By Dymphna Lonergan
For a scholarly bibliography of the Irish language in Australia, this is a lovely looking book. Gaeilge Ghriandóite (Sunburnt Irish Language) is the title, and although four people are credited, the ‘look’, I suggest, is Val Noone’s. When I opened the package and regarded the cover, I felt the same excitement as I used to feel when a copy of the magazine Táin would arrive in the post in the noughties.
The colour cover image of Gaeilge Ghriandóite is a photo of Forest Creek, Muskerry, Victoria at Christmas time. The inside front and back covers are arrayed with photos representing the Irish language thriving on Australian soil, from the Eureka story written in Irish to the various daonscoileanna (Irish language immersion weekends) in Canberra, Melbourne, and Sydney; 20th-century Australian politicians; and images of Irish language enthusiasts and promoters from the nineteenth century through to 2019.
There is a startling image on page 50 of the 1994 St Patrick’s Parade in Sydney with a vintage double-decker bus sporting bunting with writing in the Gaelic script. The splashes of colour on the back cover page are juxtapositioned with black & white photos, neatly summing up the message that this language has had a home in Australia for hundreds of years.
Gaeilge Ghriandóite A-Z is the work of four Melbourne scholars: Greg Byrnes, Robert Lindsay, Val Noone, and Colin Ryan. It is published by Mary Doyle & Val Noone. The intriguing image of kangaroos at sunset/sunrise on the back cover (‘Ceangarúnna Ceilteacha’) is by Vincent Hearns who was born in Victoria, and who learned Irish as a young man, joining a branch of Conradh na Gaeilge in Melbourne in 1921. He was an artist, an engineer, and a linguist. He used his Celtic style of art in designing a memorial scroll for the University of Melbourne in honour of students who had died during military service in World War 1. In the entry under ‘H’ in Gaeilge Ghriandóite, it states that he was a retiring person, without recognition during his lifetime for his contribution to Irish. You can read more about his honour roll, however, at https://blogs.unimelb.edu.au/librarycollections/2014/09/24/memorialised-in-manuscript-a-unique-first-world-war-honour-roll/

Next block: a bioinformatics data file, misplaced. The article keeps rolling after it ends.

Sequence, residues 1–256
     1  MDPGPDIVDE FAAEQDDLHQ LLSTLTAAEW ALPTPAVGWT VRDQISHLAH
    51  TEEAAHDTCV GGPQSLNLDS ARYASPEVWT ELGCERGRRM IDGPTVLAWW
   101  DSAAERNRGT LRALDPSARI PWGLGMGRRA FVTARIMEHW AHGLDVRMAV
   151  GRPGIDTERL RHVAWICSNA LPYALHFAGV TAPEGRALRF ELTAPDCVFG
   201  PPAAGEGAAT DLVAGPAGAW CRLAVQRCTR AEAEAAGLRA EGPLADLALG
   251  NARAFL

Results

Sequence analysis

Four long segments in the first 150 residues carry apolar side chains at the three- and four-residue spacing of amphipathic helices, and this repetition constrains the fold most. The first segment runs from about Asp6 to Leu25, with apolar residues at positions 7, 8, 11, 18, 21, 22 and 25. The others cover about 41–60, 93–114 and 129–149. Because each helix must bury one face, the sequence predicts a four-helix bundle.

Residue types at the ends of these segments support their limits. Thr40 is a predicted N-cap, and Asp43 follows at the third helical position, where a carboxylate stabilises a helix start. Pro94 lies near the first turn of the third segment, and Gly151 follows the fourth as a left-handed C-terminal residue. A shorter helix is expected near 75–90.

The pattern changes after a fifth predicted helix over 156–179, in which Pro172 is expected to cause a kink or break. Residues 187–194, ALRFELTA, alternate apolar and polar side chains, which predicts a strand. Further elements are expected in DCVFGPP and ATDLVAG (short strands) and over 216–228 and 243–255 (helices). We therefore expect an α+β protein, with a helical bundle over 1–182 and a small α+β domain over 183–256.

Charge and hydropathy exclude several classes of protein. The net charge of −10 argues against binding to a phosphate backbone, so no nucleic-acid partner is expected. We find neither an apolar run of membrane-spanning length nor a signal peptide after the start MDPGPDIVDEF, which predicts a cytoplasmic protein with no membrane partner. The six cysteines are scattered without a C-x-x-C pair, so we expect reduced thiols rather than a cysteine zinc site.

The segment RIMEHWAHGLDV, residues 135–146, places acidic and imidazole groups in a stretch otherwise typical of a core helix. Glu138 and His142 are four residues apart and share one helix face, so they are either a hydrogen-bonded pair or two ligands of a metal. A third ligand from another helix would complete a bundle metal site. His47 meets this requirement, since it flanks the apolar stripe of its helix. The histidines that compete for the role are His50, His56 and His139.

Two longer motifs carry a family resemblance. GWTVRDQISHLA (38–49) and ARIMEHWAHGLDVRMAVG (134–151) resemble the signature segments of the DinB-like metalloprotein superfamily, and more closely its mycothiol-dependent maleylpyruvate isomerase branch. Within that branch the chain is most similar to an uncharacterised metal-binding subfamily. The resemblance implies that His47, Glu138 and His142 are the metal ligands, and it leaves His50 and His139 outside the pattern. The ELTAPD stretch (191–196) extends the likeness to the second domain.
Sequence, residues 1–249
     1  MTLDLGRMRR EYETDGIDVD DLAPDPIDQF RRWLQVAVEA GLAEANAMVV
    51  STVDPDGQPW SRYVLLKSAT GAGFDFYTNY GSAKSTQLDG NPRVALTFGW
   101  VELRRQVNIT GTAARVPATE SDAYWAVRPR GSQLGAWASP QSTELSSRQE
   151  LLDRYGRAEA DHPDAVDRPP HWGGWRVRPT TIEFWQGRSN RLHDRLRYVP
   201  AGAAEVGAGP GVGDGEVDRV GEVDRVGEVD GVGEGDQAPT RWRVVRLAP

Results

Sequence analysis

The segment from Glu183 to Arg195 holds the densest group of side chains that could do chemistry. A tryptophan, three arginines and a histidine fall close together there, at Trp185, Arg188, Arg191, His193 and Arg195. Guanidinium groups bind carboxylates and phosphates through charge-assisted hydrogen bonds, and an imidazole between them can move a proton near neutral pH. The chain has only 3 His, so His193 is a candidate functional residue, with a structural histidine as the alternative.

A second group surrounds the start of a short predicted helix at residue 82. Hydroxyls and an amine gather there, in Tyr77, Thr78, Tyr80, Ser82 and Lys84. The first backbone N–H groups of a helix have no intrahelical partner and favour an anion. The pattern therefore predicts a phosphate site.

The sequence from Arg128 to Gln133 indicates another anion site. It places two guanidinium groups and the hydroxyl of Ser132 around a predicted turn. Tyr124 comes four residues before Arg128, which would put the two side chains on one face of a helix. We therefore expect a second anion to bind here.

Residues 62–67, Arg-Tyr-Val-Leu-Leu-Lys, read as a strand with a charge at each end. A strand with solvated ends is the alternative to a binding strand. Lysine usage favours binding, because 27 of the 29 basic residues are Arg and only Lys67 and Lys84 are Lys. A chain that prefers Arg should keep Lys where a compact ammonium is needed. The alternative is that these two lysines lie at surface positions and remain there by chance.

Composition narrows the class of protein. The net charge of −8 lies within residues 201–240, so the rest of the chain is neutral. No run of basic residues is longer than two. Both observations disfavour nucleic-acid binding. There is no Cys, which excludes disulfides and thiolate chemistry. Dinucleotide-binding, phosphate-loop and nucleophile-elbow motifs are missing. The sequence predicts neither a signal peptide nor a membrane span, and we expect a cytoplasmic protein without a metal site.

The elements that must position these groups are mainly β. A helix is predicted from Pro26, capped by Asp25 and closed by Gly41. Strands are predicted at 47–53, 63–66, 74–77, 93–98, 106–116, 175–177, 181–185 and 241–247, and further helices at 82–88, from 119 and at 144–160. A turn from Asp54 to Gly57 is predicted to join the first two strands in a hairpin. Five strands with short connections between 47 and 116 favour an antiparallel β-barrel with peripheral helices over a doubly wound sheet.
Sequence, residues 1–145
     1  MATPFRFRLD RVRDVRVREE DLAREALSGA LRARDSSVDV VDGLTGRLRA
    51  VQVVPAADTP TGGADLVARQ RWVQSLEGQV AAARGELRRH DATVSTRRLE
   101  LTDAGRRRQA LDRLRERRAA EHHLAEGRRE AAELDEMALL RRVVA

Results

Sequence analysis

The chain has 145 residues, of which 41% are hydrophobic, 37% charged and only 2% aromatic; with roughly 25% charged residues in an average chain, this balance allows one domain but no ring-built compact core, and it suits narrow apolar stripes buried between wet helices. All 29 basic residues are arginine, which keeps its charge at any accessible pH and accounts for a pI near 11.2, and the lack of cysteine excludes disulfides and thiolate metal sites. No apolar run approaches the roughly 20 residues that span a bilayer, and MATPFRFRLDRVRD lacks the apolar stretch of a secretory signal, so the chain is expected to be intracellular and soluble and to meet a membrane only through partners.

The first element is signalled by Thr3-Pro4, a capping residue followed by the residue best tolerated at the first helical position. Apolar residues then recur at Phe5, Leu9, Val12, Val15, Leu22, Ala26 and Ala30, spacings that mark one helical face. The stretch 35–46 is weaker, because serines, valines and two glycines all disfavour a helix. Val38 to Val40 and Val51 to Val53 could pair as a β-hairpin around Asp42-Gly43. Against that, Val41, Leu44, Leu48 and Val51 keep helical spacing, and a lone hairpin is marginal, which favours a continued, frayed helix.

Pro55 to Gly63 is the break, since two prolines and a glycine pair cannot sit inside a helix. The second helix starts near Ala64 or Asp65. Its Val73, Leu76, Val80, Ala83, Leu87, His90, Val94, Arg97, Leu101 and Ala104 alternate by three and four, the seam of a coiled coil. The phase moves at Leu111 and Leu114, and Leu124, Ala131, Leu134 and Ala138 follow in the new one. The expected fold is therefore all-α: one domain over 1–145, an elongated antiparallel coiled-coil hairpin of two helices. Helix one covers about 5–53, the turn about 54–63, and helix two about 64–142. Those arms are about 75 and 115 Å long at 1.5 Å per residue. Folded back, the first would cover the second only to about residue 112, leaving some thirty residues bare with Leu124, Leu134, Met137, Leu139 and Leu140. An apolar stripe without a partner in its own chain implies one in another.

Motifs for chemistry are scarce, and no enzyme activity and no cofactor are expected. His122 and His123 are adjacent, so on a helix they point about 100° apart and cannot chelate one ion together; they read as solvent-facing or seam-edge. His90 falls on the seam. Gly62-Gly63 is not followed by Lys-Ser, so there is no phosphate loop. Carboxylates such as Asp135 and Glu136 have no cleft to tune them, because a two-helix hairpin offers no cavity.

It is in reading about this man, that I wish that Gaeilge Ghriandóite had included an English language translation. I’m not sure if this book is in Irish only as a point of principle or simply a matter of limited resources. I understand the former, but Gaeilge Ghriandóite is a book about Australian history. I’m sure that scholars of Australian cultural history, history, literature, music, dancing, and the arts would appreciate learning about Australians whose stories are largely untold in broader histories. Gaeilge Ghriandóite is finding them through their connection with the Irish language, but their stories deserve a wider promotion.
Gaeilge Ghriandóite A go Z a hAon (part one) is the full title of this book. It is 105 pages including a publications list: books, journal articles, and websites; and a list of Irish words for Australian English words that will be of great help to writers in Irish as well as speakers e.g. a mhic ó for ‘mate’, and tá sé i gceart for ‘she’ll be right’. The promise of a part two is satisfying. Congratulations to all for this initiative and for bringing it to publication especially under Covid19 restrictions. Obair den scoth!
The book can be ordered below
Dymphna Lonergan is a member of the Tinteán editorial collective.